Centro Latino Closes Its Doors

According to sources, employees of Centro Latino had an outing to celebrate their successful move from their long-time headquarters on Broadway to their new building at the former Cataldo Ambulance building on Hawthorne Street.

After several months of hard work in making that move, a pot luck celebration to bring about a new start for the organization – which was looking for a new executive director – seemed appropriate.

On Monday, quite suddenly, the celebration came to a halt as those same employees and administrators were told by the Board of Centro Latino that, as of that day, they were all laid off and the organization was going to shutter its doors after 26 years of providing educational services and Citizenship classes to the Latino population in Chelsea and surrounding communities.

The story has reverberated throughout the community over the last few days, with many in the non-profit world of Chelsea being shocked by the way that the organization closed up – with little notice to employees or clients, they said.

Chelsea City Manager Thomas G. Ambrosino said, “I’m very sad to hear about the closing of Centro Latino.  This organization did outstanding work in the City of Chelsea for many years.  The City will work with existing Community Based Organizations in Chelsea to ensure that the critical programming previously provided by Centro Latino continues in some form or fashion.”

Chelsea Collaborative Director Gladys Vega said Centro’s board indicated it had reached out to local organizations to help with the sudden closure.

“I haven’t gotten any calls,” she said. “They haven’t reached out to us. I found out when the employees found out, which was Monday. I’ve had employees there calling me in tears. I am appalled and can’t believe it. The audacity to have an outing showing gratitude and appreciation for the staff on Friday and then fire them on Monday – that’s absurd…It also shows a lack of thought about what to do with the clients. Before you just shut down, you have the staff calling everyone in the Citizenship classes to let them know and to work out a new situation and give them time to get their documents and applications. They should have done this over a month’s time. I believe they knew this was coming. Again, I am appalled and I can’t believe it.”

Vega said her organization, the Collaborative, was born out of the work of Centro Latino and has a completely different focus than the educational mission of Centro.

Though rumors persisted about the closure when the office didn’t open as scheduled on Monday, there was no confirmation from anyone until Wednesday afternoon.

At that time, Board Vice Chair Anthony Galluccio – a former state senator – issued a letter signed by the board. The letter indicated that they could no longer make the finances of Centro work despite repeated efforts.

“Centro Latino’s Board of Directors announced today that it is winding down business and will file for dissolution and close in the coming weeks,” read the letter.

The letter explained Centro took on Concilo Hispano and its debts in 2009 and expanded services to Cambridge and Somerville, read the letter. Unfortunately, in 2012, Centro suffered major cuts to its ESL programs and was forced to reduce staff and look for new ways to generate revenue.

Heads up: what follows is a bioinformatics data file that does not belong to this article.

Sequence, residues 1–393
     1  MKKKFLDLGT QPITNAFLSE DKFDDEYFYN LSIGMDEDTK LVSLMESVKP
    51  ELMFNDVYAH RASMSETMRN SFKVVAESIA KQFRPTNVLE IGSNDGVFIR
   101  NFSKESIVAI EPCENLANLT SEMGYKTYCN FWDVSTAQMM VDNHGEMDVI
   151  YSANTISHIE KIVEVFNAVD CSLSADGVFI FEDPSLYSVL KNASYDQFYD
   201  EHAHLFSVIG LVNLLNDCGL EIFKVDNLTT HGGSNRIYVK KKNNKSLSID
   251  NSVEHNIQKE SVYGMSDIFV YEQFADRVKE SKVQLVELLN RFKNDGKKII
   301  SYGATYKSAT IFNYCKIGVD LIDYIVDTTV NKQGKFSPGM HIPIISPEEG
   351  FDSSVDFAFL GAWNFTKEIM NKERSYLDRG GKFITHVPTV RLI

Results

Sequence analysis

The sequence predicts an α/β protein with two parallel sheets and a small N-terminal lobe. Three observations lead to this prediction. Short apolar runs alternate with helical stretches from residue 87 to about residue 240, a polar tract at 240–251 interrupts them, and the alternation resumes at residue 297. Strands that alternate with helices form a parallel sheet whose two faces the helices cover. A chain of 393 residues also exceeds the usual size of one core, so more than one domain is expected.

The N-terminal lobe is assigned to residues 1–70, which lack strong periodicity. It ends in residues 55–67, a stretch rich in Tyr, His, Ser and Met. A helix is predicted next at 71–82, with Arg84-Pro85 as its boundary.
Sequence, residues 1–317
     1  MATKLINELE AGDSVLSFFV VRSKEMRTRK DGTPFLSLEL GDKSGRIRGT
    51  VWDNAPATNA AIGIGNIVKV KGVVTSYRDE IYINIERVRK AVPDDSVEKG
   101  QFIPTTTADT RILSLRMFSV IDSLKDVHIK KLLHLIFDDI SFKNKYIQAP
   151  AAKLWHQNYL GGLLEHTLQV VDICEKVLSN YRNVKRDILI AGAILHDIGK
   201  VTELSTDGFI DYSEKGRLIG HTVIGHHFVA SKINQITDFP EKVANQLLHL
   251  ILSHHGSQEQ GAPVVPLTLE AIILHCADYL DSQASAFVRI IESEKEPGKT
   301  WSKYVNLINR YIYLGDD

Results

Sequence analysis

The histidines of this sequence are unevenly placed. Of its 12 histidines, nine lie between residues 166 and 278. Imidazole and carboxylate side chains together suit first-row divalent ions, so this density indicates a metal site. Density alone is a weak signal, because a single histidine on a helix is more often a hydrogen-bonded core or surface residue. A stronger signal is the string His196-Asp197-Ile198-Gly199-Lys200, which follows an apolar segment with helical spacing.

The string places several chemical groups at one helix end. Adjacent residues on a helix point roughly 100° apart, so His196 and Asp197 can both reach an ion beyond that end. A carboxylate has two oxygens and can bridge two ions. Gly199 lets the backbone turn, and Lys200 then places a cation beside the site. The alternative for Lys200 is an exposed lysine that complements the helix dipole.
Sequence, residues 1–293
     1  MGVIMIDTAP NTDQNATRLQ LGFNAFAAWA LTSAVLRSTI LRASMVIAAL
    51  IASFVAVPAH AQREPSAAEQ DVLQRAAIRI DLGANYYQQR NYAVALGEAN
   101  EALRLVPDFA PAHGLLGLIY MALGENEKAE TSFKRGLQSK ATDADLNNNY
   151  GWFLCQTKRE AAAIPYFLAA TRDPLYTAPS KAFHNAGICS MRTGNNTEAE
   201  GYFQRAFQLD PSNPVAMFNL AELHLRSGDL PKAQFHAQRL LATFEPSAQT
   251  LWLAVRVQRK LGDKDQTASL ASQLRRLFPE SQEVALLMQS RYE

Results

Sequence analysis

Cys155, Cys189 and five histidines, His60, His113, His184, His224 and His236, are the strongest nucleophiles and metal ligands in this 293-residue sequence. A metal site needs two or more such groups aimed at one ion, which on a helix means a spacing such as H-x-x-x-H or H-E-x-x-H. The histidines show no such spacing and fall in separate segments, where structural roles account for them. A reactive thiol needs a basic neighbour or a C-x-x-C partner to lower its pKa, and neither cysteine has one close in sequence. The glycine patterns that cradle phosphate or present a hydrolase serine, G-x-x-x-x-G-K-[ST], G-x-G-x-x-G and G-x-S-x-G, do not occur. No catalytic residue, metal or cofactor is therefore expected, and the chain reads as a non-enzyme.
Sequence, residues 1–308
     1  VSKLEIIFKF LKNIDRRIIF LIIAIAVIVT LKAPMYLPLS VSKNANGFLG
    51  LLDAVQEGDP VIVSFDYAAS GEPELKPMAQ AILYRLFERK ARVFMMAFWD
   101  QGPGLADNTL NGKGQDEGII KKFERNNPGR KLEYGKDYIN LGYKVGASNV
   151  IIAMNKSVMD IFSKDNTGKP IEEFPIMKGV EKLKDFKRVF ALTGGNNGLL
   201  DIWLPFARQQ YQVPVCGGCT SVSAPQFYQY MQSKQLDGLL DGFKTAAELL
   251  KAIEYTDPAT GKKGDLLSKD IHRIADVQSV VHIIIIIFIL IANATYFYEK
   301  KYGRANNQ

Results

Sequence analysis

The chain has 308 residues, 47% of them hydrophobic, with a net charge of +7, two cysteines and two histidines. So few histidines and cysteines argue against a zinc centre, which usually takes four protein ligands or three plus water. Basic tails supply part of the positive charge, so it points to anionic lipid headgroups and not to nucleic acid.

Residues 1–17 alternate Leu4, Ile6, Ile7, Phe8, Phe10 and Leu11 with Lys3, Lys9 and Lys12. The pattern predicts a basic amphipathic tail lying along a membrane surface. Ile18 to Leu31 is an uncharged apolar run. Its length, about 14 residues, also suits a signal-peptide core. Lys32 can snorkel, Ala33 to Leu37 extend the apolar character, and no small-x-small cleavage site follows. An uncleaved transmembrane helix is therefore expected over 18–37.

“Throughout Centro’s existence, our employees have been incredible,” read the letter. “We stood together and tried to save the agency. As Kelly Guenther, Chair of the Board recently explained, ‘We tried every cost cutting measure possible including renegotiating obligations, reducing work hours, furloughing staff and reducing our space by twenty percent. Subsequently, we lost two contracts and knew we could not maintain operations. We worked with Third Sector New England searching for answers like merger and other structural options, but we hit a dead end. Over the past years we made appeal after appeal to anyone who would listen, and we are grateful to those who stood with us.’”

The letter also indicated that Centro will be working on transitioning clients to programs in the coming weeks, and that 70 percent of the agency’s ESL students live in Chelsea and still desperately need the services that Centro offered.

“It was critical that this board work to leave clients and employees in the best possible position and focus on transition,” said Galluccio. “We never recovered from the original cuts in 2012. Recent events made it impossible to continue and we could not keep incurring bills knowing there was no turning point.”

Centro’s letter stated it has been meeting with organizations such as Chelsea Collaborative, ROCA, Bunker Hill Community College, Connect and others to determine how best to transition clients and employees.

Vega, however, disputed that.

“The only thing they’ve done is reached out to us to get used furniture for their new offices; that’s it,” she said.

Centro’s letter concluded with the following:

“This is a sad day for Centro and our community, but hopefully this unfortunate outcome will bring awareness to the dire need that exists to support vulnerable new immigrants and families who need to integrate into our communities, become part of the workforce and improve their lives. The need is as great as ever. We offer special thanks and gratitude to our staff, board members, funders, community partners and clients that have worked with us over the years.”

The letter was signed by Guenther, Galluccio, Linda Cundiff, Jose Lopez and Oliver Sanchez.

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